The Harlem Renaissance


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"A brief guide to the Harlem Renaissance." From the Academy of American Poets.

Locke, Alain. "Enter the New Negro," Survey Graphic March 1925. From the National Humanities Center.

Johnson, James Weldon. Black Manhattan: Account of the Development of Harlem (1930). Johnson describes the Harlem of 1930, "a black city located in the heart of white Manhattan....it strikes the uninformed observer as a phenomenon, a miracle straight out of the skies." He recounts the African American experience in New York beginning in the seventeenth century, through the effects of the Revolution, the Civil War and the abolition of slavery, and through the earliest black bohemia in New York and the migrants to Harlem from all over, and finally to the emergence of Harlem as "the Negro metropolis."

"Négritude." On Négritude, a cultural movement launched in 1930s Paris by French-speaking black intellectuals from France's colonies in Africa and the Caribbean, which argued for a new race consciousness for blacks. The Négritude movement influenced, and was influenced by, Harlem Renaissance artists, writers and intellectuals who fled to France to escape racism and segregation in the US, including Langston Hughes, James Weldon Johnson, Richard Wright, and Claude McKay. Website by the New York Public Library.

The Harlem Renaissance: a guide to materials at the British Library, by Jean Kemble, 1997. An introduction to the Harlem Renaissance, and an extensive list of writers, artists, and musicians associated with it.

Gosselin, Adrienne Johnson. "Beyond the Harlem Renaissance: The Case for Black Modernist Writers." Remarking that "American literary history views the Harlem Renaissance as an aesthetic movement contemporaneous with, but separate from, Euro-American Modernism," Gosselin sees American modernism as a national cultural movement that includes black writers of the Harlem Renaissance. Modern Language Studies 26, 4 (Autumn 1996) pp 37-45 [free at jstor].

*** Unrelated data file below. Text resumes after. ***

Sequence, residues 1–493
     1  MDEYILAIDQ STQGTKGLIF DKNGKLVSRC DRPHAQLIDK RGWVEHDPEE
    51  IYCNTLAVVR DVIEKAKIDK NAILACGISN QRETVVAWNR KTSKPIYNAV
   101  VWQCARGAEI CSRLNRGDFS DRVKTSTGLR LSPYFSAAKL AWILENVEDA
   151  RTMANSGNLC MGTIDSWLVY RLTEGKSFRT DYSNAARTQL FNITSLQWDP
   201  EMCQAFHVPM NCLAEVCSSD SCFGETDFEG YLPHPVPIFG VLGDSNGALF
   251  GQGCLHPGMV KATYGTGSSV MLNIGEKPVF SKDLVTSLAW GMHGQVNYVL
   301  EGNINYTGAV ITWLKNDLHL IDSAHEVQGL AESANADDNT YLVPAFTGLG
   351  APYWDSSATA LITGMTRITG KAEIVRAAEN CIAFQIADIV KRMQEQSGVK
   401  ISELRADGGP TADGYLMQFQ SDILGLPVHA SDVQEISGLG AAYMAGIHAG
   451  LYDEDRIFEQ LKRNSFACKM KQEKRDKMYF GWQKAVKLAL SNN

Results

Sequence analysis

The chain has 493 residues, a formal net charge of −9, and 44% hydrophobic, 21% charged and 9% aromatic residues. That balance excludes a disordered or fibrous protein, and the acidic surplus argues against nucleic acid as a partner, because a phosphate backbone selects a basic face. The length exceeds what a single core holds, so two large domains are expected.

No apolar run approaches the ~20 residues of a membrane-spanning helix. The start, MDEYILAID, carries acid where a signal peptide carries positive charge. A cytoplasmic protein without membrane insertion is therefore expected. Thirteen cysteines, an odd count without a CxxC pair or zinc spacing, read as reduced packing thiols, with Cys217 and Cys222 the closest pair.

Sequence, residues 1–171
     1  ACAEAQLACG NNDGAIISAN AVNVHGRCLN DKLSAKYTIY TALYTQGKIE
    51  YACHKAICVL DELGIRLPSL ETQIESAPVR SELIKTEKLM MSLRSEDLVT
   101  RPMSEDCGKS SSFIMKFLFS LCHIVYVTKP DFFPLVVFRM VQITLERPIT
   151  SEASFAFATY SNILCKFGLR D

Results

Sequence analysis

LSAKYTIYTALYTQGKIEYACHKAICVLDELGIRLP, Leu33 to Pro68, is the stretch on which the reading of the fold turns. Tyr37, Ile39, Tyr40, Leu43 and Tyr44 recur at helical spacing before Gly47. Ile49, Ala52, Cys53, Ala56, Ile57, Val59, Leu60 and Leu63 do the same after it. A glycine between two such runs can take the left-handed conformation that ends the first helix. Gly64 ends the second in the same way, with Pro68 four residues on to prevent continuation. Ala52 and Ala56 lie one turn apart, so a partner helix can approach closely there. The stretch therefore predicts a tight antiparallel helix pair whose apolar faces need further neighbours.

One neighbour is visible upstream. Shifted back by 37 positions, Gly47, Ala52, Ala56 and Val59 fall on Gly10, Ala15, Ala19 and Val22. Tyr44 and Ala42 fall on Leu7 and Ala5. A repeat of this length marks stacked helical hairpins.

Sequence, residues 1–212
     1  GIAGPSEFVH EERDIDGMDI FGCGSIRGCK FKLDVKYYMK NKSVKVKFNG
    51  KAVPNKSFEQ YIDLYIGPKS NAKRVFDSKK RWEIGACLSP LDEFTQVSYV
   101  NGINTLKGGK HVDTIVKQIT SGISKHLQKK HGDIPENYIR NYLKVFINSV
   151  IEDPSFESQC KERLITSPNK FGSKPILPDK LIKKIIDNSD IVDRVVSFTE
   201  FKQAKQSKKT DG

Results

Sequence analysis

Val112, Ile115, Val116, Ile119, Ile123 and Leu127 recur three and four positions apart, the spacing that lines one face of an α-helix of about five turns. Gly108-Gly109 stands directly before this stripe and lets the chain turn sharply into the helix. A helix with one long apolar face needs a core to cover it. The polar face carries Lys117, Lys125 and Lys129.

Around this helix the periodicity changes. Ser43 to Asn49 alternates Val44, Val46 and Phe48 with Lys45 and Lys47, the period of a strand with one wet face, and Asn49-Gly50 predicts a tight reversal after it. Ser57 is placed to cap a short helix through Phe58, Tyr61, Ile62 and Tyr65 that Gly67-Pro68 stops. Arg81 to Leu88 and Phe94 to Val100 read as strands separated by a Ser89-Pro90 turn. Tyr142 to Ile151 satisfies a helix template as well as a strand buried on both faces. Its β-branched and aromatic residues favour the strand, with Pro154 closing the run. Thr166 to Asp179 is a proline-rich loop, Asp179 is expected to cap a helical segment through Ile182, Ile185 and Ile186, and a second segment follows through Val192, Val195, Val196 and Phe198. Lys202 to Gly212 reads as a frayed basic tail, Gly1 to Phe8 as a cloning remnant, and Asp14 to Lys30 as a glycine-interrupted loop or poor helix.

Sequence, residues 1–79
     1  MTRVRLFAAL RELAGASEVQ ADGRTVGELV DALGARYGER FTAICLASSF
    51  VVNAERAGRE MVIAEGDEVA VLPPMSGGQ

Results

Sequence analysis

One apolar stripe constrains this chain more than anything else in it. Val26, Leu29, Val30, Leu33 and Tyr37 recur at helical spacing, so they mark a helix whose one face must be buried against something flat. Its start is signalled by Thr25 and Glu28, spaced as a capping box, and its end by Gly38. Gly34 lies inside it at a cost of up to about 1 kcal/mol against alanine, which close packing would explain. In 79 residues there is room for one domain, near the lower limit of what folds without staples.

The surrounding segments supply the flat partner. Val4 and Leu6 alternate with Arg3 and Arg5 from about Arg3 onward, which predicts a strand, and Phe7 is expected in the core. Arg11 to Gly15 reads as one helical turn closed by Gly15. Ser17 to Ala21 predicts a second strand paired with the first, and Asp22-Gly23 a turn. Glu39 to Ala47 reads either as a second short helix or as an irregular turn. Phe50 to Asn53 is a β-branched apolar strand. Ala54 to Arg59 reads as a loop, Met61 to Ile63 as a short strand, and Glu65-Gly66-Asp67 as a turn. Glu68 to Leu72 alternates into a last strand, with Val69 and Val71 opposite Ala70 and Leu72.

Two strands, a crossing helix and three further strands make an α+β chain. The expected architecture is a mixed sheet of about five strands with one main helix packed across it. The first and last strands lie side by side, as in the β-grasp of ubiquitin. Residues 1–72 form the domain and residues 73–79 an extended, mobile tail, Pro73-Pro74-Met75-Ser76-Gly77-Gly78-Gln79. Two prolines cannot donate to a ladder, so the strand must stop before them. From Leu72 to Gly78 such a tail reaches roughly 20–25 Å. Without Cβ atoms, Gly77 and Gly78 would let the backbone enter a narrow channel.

Janken, Kenneth R. "African American and Francophone black intellectuals during the Harlem Renaissance." On the importance of Europe and especially France in African American intellectual life between the two world wars. Historian Spring 1998.


bibliographies & teaching resources

"Harlem Renaissance." A list of 60 books on the Harlem Renaissance; clicking on a book's name brings up a commentary and summary of the content. From Collaborative Bibliographies, Georgetown Univ.

"Race Relations in the U.S." A list of recommended books on literature and race relations, from the American Association of Univ. Presses.

"African American Odyssey." An online exhibit from the Library of Congress, with pictures of original documents and commentary, with sections on Slavery; Free Blacks in the Antebellum Period; Abolition; The Civil War; Reconstruction; Booker T. Washington Era; World War I and Postwar Society; the Great Depression, New Deal, and World War II; Civil Rights.

"Do You Speak American? Lesson plans for teaching written and spoken English, covers use of standard English, prescriptivism and descriptivism, African American English, Spanish and Chicano English, etc. The topic may be approached in teaching about the Harlem Renaissance and the New Negro Renaissance, since these movements broke with Standard American English and introduced new colloquial voices into literature.

The Association for the Study of the Worldwide African Diaspora. The web site for ASWAD, an interdisciplinary association of scholars studying the dispersal of people of African descent throughout the world.


Poets & Writers

Bontemps, Arna

Brown, Sterling

Cullen, Countee

Du Bois, W.E.B.

Hughes, Langston

Hurston, Zora Neale

Johnson, James Weldon

Larsen, Nella

Locke, Alain

McKay, Claude

Toomer, Jean


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